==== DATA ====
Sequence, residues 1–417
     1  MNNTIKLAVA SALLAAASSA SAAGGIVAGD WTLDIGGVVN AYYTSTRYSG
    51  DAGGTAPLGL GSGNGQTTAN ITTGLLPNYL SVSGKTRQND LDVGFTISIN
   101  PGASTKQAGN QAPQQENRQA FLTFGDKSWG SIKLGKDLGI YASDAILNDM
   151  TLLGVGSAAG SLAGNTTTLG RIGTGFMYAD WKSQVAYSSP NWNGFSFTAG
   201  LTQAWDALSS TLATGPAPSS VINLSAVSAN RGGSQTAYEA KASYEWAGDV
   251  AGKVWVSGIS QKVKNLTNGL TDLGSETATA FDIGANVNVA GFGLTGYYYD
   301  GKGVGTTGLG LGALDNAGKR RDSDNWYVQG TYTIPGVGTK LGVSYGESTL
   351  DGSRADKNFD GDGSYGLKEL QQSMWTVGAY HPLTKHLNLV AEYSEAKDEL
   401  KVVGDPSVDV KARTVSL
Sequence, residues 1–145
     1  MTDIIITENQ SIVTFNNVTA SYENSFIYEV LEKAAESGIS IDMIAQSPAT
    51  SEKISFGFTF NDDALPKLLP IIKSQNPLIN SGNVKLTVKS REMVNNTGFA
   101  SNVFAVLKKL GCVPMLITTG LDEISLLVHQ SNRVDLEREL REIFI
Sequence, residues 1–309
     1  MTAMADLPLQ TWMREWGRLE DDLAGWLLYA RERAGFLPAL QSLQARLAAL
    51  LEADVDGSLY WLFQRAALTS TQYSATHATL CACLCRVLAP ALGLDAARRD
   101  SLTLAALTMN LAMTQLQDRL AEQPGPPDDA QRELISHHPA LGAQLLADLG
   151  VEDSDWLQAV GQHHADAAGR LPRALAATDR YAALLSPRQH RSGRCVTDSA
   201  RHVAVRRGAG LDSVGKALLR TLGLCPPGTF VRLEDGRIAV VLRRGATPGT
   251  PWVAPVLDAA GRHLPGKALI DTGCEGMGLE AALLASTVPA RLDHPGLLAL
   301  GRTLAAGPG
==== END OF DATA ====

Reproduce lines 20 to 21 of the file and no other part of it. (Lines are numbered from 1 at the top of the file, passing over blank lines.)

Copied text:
   201  RHVAVRRGAG LDSVGKALLR TLGLCPPGTF VRLEDGRIAV VLRRGATPGT
   251  PWVAPVLDAA GRHLPGKALI DTGCEGMGLE AALLASTVPA RLDHPGLLAL